Unchanging Discipline, unchanging Quality

Güher – Süher Pekinel’s third DVD album, released by Arthaus, combines a concert ranging from Schubert to Poulenc, with a Bela Bartok rendition conducted by Zubin Mehta. A CD version of the album is also available.

Ufuk Çakmak , December 2014

I believe Güher – Süher Pekinel occupy a special space among Turkish artists. Those of us who love, follow, and practice classical western art constitute a relatively small mass. I can say that even with our unruly virtuosos and good soloists, regardless of how ambitiously and assertively we try to exist within this field, as Turks, we have never been able to be “consistently-good,” due to various reasons. One of these may be the weakness of cultural tradition. I think, maybe our collective performance is in a rocky situation, as we are not actually western.

Let’s take a quick look at the field of virtuosos. I find it’s typical for our class-act artists to be on form one day and to be off the other. Let’s not even get started on our orchestras. However, western artists and orchestras seem to possess a different characteristic: consistently working away with great discipline and achieving the desired result to provide unwavering quality and sound with unchanging discipline; and maintaining that result… That is to say, not giving up after achieving something to boast about. In this sense, the Pekinels have occupied a distinct space ever since they began. If one were to take any of their albums, they would find the same level of effort, discipline, and quality in all. What’s more is that they have achieved a sound that is all their own. Each of their concerts persists at a quality level from beginning to end and in this regard, I find the Pekinels to be completely unique. However, when I look at their upbringing and the France-Germany-U.S. geographic triangle that comprises their educational styles and instructors, I am no longer surprised. Granted, we have many shaky virtuosos who have been internationally trained. As such, I hope that the twins can translate their perfectionist ambition to new Turkish youths through the project they’ve titled “Young Musicians on World Stages.” We need to leave the negative Turkish habits – indiscipline, boastfulness, giving up – behind. I apologize for my harsh words.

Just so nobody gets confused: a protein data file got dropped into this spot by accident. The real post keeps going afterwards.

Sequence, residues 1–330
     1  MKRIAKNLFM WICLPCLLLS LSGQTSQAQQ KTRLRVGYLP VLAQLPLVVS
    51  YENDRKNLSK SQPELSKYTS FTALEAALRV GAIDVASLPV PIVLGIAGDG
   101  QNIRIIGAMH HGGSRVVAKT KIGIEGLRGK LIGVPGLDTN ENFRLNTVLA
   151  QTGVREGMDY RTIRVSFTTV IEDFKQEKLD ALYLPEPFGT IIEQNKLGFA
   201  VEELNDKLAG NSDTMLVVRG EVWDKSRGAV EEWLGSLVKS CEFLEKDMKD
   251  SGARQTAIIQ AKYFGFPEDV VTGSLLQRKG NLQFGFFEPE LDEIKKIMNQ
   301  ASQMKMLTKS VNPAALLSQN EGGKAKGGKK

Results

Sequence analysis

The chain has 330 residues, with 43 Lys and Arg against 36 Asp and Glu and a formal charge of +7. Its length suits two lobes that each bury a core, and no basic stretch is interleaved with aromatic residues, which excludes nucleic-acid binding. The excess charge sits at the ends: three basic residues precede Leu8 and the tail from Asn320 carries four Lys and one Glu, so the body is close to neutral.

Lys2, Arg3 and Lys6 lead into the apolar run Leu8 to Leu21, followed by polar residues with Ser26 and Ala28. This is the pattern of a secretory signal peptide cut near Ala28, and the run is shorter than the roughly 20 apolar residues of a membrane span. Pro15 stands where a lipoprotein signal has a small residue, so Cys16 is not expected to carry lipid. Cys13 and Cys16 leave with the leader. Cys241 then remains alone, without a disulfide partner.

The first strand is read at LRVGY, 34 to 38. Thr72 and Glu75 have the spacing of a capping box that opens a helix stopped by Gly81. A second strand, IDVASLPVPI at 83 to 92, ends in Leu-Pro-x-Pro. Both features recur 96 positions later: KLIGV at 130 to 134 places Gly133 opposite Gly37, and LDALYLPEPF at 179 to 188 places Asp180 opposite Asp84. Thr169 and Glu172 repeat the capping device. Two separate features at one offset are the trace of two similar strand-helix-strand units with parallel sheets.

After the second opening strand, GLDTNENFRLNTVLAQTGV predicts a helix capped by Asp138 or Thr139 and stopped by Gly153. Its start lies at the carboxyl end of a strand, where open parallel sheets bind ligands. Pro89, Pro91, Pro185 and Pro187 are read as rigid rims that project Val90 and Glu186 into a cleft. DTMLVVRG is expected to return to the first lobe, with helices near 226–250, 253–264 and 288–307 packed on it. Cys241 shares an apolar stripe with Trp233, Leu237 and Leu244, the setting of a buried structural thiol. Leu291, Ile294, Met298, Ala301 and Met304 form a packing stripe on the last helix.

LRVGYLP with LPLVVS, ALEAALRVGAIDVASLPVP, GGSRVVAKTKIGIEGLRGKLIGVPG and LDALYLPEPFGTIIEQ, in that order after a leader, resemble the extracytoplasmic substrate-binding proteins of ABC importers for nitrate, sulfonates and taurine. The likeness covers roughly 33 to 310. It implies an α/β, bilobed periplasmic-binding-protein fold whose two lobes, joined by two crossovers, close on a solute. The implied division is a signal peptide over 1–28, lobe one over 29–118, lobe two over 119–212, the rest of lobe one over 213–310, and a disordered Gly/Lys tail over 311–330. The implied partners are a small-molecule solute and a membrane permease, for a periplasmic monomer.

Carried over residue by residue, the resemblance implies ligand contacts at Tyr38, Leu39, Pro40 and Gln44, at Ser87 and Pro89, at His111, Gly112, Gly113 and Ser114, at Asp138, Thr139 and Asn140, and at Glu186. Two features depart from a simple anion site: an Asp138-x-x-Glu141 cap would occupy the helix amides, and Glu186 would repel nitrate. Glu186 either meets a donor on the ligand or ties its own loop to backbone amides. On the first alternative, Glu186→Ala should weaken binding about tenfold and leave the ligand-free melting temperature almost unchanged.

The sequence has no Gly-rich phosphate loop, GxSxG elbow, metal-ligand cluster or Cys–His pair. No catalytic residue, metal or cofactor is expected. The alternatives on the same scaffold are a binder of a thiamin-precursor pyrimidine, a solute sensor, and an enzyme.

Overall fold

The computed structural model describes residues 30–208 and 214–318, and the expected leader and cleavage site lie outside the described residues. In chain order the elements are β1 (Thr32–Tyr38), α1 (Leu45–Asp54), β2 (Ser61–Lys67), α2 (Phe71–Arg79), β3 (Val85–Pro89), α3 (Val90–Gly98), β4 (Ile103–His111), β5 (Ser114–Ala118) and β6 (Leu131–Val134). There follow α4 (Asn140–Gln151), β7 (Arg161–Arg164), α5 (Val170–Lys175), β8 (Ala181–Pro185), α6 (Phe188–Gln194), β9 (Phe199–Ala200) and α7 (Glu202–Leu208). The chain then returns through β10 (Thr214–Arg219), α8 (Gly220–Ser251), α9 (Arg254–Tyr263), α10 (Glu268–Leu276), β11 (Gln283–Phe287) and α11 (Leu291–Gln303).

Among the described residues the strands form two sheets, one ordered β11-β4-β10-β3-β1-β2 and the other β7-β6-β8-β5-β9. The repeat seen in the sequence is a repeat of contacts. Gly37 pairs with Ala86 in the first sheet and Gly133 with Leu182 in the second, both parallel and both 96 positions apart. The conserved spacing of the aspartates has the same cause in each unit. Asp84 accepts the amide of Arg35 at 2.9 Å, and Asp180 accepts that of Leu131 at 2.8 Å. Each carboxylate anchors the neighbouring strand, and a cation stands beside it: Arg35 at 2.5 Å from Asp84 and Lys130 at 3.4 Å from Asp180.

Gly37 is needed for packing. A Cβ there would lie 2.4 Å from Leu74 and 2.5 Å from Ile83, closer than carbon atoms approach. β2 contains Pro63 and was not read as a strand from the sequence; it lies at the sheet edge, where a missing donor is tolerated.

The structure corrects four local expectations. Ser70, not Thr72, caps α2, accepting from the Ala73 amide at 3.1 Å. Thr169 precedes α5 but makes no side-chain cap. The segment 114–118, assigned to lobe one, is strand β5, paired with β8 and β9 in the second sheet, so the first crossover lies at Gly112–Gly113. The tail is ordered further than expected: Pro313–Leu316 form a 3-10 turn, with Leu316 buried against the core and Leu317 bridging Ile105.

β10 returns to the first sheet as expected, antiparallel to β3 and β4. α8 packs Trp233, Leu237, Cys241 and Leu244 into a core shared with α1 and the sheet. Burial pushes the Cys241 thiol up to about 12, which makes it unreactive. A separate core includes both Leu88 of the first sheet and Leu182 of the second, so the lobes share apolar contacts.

The Pekinels have worked with Zubin Mehta many times since the beginning of their careers. One of their latest collaborations was Bartok’s “Concerto for Two Pianos, Percussion, and Orchestra” with the Maggio Musicale Fiorentino Orchestra in 2012. The DVD at hand opens with this concert and the Pekinels greet us with a performance that is not only tremendously clean, lively, and joyful, but also incredibly respectful of the music. One of the twins’ most important characteristics is that they don’t draw attention their virtuosity, that they don’t get carried away by the passages’ bravado, and that they drive the piece, step by step, within its defined mechanism without disrupting its measurements. Bartok’s coarse and country-like accents, as it were, never acquire a sharp, piercing, or overtly personal touch from the Pekinels hand, and instead, it is temperately absorbed into the texture. Similarly, their polyrhythmic search for ferocity and ethnic color is found within the scores’ loyal presentation, yet performed perfectly.